The growing season has been off to an extremely slow start in the Great Lakes Region due to lingering effects from the harsh winter and a wet spring/early summer. However, we’ve still had great market events with many more to come. Here’s some pics from this summer’s events, and check out our schedule page for more information on upcoming events.
The Mobile Farmers Market will be at the Waterfront Festival in Madison, Wisconsin on Saturday-Sunday, June 7-8 to help expand awareness of Native food products. We’ll also be at the Wisconsin Tribal Tourism Conference in Oneida, as well as Red Cliff and Bad River next week.
As spring turns to summer, the Mobile Farmers Market team is looking ahead to a busy season. In order to maximize our impact, we’re sharing our draft summer schedule for market events. We only have one vehicle right now, so timing is key, and we hope that you’ll help us improve on our draft in two areas.
First, let us know if there are important events in your community that we are conflicting with or missing, especially if they’re related to food and agriculture.
Second, let us know if producers in your community would benefit from workshops focused on specific crops or methods, USDA agencies and programs, or regional food resources. Our workshop schedule will be based on this feedback. You can read more about our workshops at http://www.iacgreatlakes.com.
Here’s our draft schedule – please chime in!
There are quite a few funding opportunities currently open. They are also posted on iacgreatlakes.com.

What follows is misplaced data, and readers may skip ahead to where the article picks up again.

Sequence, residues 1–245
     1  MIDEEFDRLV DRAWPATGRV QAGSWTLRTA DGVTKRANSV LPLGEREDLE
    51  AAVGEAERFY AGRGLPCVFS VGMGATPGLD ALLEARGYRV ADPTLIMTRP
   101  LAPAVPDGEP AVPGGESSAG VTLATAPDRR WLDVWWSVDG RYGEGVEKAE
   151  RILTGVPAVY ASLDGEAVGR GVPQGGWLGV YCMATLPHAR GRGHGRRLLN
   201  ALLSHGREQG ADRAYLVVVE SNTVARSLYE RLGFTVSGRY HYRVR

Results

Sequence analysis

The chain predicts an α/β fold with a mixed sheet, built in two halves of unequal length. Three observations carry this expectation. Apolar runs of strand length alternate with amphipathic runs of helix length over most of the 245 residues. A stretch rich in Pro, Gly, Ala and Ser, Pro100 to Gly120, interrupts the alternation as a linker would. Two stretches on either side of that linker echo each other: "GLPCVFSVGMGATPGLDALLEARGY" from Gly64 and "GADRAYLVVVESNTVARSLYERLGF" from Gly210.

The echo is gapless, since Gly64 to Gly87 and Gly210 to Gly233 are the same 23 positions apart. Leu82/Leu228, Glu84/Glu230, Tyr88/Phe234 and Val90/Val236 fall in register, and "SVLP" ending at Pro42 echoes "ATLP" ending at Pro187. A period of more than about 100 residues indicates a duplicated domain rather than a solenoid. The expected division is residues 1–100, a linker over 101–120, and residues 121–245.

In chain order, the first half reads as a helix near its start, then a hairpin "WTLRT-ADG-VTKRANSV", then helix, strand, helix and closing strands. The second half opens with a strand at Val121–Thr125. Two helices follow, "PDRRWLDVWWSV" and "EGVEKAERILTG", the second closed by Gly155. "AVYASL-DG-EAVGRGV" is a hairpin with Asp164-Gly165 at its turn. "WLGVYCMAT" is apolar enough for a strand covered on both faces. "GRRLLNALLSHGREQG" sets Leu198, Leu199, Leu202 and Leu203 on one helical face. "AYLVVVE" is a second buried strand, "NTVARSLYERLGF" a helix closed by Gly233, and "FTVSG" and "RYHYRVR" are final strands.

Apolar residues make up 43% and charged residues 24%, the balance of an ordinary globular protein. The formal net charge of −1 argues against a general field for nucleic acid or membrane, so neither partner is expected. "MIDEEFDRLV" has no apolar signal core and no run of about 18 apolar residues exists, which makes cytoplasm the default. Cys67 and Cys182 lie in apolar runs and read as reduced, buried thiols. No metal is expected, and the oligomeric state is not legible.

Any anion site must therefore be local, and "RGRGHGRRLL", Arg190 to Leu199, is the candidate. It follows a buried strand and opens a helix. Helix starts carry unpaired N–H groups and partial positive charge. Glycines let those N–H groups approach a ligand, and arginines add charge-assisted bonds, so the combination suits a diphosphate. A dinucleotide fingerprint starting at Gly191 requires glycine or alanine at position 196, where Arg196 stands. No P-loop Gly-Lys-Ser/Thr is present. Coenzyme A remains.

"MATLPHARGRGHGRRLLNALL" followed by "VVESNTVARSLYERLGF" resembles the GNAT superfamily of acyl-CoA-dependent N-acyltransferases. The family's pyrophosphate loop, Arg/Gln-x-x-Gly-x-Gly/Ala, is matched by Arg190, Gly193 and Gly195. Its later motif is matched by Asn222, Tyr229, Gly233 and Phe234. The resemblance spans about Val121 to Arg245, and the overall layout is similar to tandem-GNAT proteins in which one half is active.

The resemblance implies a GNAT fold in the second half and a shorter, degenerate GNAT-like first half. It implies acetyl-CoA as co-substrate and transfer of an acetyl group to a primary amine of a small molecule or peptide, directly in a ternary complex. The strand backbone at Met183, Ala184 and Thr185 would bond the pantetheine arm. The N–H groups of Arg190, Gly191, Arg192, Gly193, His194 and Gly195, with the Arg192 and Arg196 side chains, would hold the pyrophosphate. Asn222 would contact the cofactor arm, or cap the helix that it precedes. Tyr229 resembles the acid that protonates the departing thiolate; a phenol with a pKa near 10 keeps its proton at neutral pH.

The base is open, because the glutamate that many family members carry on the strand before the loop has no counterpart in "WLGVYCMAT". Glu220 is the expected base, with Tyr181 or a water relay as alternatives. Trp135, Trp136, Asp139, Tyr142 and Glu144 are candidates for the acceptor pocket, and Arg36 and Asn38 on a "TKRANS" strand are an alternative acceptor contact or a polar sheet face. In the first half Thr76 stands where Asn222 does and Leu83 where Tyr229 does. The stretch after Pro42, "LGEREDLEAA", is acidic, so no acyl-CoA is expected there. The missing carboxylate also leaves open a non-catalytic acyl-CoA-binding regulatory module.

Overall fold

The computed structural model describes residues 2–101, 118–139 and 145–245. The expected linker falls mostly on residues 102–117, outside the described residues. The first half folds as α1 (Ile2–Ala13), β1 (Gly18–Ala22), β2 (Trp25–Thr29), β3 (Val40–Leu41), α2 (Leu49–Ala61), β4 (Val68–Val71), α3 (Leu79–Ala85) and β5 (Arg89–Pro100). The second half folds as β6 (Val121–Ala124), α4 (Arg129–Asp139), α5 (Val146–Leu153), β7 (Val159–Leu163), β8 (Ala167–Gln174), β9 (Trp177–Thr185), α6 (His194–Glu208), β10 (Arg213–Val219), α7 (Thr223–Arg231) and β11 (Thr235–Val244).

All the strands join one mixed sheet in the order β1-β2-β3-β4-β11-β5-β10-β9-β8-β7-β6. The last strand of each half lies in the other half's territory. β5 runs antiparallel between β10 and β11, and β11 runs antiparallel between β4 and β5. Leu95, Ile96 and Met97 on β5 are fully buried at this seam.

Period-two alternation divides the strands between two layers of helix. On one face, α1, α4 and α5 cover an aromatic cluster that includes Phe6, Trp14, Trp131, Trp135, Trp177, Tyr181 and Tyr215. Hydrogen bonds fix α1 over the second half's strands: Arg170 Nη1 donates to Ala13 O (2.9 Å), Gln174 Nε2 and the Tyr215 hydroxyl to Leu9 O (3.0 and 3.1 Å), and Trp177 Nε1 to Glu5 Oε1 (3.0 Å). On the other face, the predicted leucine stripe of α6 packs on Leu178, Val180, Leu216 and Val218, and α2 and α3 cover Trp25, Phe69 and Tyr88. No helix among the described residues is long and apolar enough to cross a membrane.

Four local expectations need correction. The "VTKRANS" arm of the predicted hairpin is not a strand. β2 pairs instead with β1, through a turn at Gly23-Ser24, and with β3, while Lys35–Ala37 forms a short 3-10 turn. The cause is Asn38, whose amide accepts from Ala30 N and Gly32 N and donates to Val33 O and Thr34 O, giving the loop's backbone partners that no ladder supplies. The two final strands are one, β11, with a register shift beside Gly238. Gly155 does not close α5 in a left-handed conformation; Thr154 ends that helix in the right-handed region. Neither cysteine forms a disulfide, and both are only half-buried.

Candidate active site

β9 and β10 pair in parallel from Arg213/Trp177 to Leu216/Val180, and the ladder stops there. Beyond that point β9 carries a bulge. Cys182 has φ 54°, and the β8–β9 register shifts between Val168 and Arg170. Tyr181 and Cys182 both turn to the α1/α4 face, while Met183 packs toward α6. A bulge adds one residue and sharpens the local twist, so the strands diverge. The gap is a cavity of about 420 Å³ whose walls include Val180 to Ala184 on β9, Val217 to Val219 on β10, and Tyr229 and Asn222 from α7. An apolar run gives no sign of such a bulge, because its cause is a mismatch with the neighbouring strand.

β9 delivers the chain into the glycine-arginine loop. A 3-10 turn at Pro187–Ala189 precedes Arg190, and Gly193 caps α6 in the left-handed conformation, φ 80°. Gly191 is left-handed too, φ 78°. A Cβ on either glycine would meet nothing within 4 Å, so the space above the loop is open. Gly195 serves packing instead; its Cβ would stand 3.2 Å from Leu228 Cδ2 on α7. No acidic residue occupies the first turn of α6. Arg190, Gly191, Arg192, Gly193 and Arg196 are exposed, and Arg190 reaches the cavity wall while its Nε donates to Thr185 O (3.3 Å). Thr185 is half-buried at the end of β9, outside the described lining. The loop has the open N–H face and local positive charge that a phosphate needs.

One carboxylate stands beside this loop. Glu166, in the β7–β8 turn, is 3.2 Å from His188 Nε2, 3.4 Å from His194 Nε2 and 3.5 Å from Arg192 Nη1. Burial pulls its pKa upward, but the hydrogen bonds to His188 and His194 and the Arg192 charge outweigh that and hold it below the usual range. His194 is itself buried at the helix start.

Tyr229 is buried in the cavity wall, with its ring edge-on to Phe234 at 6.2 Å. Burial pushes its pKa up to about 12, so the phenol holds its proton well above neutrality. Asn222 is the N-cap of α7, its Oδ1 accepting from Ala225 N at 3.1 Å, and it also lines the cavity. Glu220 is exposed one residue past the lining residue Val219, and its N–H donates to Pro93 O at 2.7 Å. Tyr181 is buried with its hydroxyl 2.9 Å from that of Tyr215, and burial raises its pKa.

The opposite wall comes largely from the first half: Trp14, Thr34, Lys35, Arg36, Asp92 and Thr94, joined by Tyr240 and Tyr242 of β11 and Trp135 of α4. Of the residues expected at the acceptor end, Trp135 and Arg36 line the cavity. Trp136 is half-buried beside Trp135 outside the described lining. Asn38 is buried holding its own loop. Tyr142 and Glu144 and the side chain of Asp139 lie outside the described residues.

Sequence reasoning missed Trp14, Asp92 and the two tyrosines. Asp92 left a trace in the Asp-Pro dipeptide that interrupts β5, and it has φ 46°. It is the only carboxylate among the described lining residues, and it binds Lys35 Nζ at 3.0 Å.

- First Nations Elder Grant (March 14th deadline): FNDI expects to make between four and five awards at a maximum amount of $25,000 for projects addressing elderly nutrition. More information and the online application are available at http://www.firstnations.org/grantmaking/2014nafsi.
- First Nations Youth Grant (March 20th deadline): Another First Nations Development Institute grant opportunity is available with their Youth and Culture Fund for projects aimed at addressing a variety of social issues. Approximately 20 grants ranging between $5,000 and $20,000 will be awarded.
- Wallace Center Food Hub Grant (March 30th deadline): The Wallace Center is accepting applications promoting food hubs. Between 15 to 30 applications ranging from $10,000 to $75,000 are expected to be funded.
- USDA Community Food Project (March 31st deadline: USDA’s NIFA (National Institute of Food and Agriculture) is accepting applications for 1) Community Food Projects and 2) Planning Projects to assess food security needs and correlating long-term solutions. Technical Assistance support grants may also be awarded. The maximum awards are $300,000 for CFP and $25,000 for Planning Projects.
- ANA Grant (April 15th deadline): The Administration for Native Americans (ANA), which is part of the US Department of Health and Human Services is currently accepting applications in five different areas. Food and agriculture projects probably best fit under the economic development related areas. Applications, which are due April 15th, may be up to $500,000 and can last multiple years. Here is a list of past grant awards.